US 4867229 A
A method for applying a heat exchanger in a drill hole and an apparatus for carrying out such method, comprising the steps of lowering at least one pair of heat-exchanging pipes helically wound and spaced apart by expandable spacers into a drilled hole and expanding the pipes into contact with the wall of the drilled hole by turning such pipes in the spiralled direction.
1. A method of applying a heat exchanger in a drill hole provided in rock, loose soil or the like for the purpose of heat recovery or storage, and achieving an efficient heat transfer between a wall defining the drill hole and a heat transporting medium contained in the heat exchanger, comprising the steps of:
lowering a pair of helically wound heat-exchanging pipes into position within the drill hole; and
expanding said pipes radially into at least partial contact with the wall of said drill hole by unwinding said pipes and increasing the radial distance between said pipes.
2. A method according to claim 1, including winding said pair of heat-exchanging pipes into a contracted assembly configuration prior to insertion into the drill hole, and
holding said pair of heat-exchanging pipes in the contracted assembly configuration until positioned in place within the drill hole.
3. A method according to claim 2, wherein said pair of heat-exchanging pipes are unwound once inserted within the drill hole by rotating the pair of heat-exchanging pipes in a reverse direction to that required to obtain the contracted assembly configuration.
4. A method according to claim 2, including
providing spacers to interconnect said pair of helically wound heat-exchanging pipes; and
releasing said pair of heat-exchanging pipes in the contracted assembly configuration to allow the resiliency of the pipes and spacers to expand the contracted assembly and bring the pipes into at least partial contact with the surface of the drill hole.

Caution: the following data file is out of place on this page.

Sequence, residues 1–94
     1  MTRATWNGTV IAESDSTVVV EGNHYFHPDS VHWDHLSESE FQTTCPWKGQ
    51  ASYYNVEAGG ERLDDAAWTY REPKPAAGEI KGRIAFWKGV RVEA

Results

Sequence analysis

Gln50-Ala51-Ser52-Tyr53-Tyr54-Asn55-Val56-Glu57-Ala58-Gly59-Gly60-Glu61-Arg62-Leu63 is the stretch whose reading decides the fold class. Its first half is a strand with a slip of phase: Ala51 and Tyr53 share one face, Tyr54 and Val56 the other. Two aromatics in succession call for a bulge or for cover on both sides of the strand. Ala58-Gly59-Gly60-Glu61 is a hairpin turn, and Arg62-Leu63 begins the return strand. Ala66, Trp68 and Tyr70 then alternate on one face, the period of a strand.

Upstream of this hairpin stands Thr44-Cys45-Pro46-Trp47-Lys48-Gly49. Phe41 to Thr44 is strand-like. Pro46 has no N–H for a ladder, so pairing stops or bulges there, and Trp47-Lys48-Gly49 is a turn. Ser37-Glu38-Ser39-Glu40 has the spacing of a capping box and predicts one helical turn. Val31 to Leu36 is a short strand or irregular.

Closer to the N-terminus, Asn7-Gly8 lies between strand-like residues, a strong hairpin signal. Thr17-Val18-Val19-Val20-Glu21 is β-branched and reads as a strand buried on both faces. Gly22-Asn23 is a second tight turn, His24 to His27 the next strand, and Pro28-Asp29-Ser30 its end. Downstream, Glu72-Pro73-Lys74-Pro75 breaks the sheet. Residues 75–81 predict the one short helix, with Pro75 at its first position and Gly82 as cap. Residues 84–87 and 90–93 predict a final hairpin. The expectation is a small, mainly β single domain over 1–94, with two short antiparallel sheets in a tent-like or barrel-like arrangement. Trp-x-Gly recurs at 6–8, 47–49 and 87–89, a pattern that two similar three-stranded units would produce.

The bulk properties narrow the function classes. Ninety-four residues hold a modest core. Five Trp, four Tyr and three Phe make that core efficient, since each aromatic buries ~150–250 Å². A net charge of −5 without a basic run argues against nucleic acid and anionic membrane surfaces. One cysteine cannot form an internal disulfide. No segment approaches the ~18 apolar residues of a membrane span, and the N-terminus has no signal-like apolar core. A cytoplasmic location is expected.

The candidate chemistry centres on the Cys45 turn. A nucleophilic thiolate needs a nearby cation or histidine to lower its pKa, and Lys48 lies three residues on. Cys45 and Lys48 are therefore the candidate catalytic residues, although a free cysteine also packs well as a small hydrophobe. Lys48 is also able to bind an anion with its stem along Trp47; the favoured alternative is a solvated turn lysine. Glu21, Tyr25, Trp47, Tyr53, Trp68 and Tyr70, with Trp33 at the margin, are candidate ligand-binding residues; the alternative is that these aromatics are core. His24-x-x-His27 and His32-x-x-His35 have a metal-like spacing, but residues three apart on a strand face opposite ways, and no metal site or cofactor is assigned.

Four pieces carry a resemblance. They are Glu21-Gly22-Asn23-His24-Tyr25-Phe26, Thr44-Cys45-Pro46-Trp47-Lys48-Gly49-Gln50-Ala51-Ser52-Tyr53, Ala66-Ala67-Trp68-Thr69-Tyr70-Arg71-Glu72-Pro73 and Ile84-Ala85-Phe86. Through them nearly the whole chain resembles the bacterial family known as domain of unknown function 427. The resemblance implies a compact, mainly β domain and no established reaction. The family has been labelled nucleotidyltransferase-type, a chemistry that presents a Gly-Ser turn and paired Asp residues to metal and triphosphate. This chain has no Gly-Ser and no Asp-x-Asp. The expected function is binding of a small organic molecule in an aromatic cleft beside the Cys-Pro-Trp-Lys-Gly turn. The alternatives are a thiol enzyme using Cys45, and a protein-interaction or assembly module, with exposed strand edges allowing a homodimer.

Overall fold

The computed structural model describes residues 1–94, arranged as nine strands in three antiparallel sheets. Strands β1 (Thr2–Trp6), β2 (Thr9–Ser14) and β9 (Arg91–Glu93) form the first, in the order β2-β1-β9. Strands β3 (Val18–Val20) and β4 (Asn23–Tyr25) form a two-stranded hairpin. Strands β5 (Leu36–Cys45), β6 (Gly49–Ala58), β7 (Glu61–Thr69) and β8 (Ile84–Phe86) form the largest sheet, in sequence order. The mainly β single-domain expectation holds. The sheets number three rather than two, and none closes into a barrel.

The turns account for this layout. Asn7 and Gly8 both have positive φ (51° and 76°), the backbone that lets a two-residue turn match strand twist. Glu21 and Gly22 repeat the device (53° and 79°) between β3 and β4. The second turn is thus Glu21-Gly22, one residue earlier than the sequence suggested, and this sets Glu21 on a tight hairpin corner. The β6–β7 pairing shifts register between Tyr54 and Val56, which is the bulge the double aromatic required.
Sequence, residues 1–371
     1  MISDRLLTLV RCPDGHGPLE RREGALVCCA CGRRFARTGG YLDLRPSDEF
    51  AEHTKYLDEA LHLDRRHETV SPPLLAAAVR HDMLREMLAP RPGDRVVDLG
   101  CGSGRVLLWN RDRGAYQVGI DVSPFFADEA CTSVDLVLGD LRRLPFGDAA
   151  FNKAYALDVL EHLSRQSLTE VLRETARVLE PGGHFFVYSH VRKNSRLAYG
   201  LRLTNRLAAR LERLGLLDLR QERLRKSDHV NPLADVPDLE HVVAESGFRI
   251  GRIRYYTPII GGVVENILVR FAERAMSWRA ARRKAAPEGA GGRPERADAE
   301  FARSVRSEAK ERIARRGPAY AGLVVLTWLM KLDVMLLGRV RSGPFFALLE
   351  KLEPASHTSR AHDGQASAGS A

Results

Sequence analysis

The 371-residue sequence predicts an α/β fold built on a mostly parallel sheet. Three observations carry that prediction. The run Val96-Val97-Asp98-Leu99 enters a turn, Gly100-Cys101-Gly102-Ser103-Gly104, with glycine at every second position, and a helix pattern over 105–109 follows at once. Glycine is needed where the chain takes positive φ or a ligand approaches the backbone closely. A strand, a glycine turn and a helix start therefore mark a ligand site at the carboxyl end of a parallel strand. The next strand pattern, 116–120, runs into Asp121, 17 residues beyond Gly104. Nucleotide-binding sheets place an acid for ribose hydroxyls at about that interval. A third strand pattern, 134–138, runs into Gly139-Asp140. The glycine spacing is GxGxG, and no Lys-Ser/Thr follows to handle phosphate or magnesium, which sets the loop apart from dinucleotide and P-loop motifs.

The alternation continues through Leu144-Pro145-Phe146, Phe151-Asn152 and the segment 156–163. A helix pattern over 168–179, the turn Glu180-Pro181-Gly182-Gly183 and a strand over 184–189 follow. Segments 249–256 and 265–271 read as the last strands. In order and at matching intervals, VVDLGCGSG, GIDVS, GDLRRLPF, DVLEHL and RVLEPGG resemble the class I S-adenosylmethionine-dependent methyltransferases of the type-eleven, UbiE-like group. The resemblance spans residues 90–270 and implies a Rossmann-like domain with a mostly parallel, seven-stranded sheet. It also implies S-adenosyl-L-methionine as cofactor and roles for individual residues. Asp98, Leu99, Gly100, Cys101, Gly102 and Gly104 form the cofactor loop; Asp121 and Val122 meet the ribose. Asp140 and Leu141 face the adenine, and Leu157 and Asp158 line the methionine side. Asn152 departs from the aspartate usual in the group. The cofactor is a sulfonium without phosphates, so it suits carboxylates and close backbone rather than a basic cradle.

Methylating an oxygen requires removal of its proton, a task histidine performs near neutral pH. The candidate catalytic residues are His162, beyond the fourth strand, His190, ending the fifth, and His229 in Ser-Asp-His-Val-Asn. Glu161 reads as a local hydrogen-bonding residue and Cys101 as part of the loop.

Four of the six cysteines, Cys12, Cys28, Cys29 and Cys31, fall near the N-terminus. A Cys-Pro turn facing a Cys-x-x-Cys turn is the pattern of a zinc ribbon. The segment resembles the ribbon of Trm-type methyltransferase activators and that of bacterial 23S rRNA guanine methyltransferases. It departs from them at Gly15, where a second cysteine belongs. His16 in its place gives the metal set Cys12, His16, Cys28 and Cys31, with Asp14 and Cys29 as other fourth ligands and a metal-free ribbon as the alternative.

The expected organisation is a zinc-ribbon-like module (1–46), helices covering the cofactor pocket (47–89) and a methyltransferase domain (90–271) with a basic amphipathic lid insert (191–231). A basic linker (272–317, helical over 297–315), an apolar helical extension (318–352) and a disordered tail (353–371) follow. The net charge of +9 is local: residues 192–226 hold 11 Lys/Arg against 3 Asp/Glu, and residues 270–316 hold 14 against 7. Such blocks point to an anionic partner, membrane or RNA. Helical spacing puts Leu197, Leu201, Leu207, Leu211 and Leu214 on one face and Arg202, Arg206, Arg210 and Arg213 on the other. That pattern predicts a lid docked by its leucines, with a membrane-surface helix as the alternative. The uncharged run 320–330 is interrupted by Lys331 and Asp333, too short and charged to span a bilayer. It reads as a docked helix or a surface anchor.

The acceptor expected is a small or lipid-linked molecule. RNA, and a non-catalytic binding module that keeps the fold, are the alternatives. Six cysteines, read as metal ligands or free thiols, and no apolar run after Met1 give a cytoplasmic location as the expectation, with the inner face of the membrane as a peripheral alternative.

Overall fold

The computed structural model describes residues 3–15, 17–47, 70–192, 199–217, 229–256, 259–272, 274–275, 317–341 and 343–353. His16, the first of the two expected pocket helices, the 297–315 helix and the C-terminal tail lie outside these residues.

5. A heat exchanger adapted for use in a drill hole in rock, loose soil or the like, comprising:
at least two heat exchanging pipes substantially uniformly spaced from and extendable along a central axis of the drill hole, said pipes having a helix configuration to provide decreasing or increasing the spacing of said pipes from the central axis to decrease or increase the overall radial dimension of the heat exchanger by winding and unwinding, respectively, the heat exchanger so as to contact the heat exchanging pipes with a defining surface of the drill hole.
6. A heat exchanger adapted for use in a drill hole in rock, loose soil or the like comprising:
at least two heat-exchanging pipes uniformly spaced from and extendable along a central axis of the drill hole and
spacer means extending from and interconnecting said pipes at intervals along the central axis and capable of decreasing or increasing the spacing of said pipes from said central axis to decrease or increase an overall radial dimension of the heat exchanger so as to contact the heat exchanging pipes with a defining surface of the drill hole.
7. The heat exchanger of claim 6 wherein said pipes are capable of being helically wound and unwound around said central axis to decrease and increase, respectively, the spacing of said pipes from the axis.